So, we put in a full-time product manager who is responsible for thinking about the product roadmap and product releases. He has two resources, a requirements analyst and a technical writer, who work closely with the software development team to drive requirements and capture technical specifications.
We're also implementing automated testing, which will allow for cost reduction, greater and faster test coverage, increased change velocity with increased quality, and ultimately increased customer satisfaction.
What was most challenging about moving to the product management model?
When I joined Murphy USA, I inherited a classic development model: here are some developers; here are some requirements that have come in from our retail group. We were not a product group that was thinking about cranking out releases or building automated test suites; we weren't thinking about automated builds. We didn't have repeatable processes in development or testing. As a result, it took a longer time to get releases through the SDLC, and time to market suffered.
The primary challenge we initially had to overcome was resistance to change, although that was relatively easy to overcome. Understandably, the team wanted to do the work the way they had always done it. But once we began gathering detailed requirements for changes that were bundled as a release, and we were able to improve quality and speed to market, they saw the power of the new approach and adapted well. As our new automated testing team comes together, we'll be able to move even faster, just as my software product teams in the past have.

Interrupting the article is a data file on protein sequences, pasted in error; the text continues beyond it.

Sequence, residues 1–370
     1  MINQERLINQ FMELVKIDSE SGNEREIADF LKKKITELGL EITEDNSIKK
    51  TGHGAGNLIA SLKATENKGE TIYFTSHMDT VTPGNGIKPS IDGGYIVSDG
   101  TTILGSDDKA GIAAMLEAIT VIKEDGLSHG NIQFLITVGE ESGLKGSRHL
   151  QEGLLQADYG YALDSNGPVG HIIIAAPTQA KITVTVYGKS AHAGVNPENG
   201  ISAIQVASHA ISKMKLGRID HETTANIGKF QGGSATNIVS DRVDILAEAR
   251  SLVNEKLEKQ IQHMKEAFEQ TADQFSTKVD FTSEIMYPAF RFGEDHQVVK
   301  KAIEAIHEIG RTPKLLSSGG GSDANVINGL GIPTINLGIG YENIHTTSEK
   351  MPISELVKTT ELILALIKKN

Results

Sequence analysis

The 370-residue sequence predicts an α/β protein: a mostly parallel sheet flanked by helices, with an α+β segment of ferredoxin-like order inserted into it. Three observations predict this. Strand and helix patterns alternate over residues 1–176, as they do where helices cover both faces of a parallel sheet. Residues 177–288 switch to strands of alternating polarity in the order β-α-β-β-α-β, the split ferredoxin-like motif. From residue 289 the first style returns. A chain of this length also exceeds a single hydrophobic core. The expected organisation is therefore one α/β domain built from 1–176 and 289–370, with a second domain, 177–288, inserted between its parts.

How are you improving your SDLC?
We are evolving our SDLC to be more product-centric. Our deliverables now include product release notes and product technical documentation, and we are now building product roadmaps. Within the roadmaps, we are not only calling out release schedules and new feature content, but we will also be evaluating competing POS systems. Our newly implemented change management and release management processes do a great job of managing the details behind the entire lifecycle of product changes.
Ongoing continuous improvement includes the development of automated software builds and deployments. My goal is to get to the point where we're able to do nightly builds of the code base and nightly deployments of the new code to the QA environments. The nightly builds and deployments will allow us to cycle through defects at an increased velocity, which improves our competitive stance.
What performance metrics do you use to reinforce the product management approach?
In addition to traditional performance metrics, we have started to measure credit card transaction speeds, and soon we'll be measuring API call round-trip performance with our central customer loyalty system. The credit card transactions are measured in seconds, and the API calls are measured in milliseconds.
Sign up for CIO Asia eNewsletters.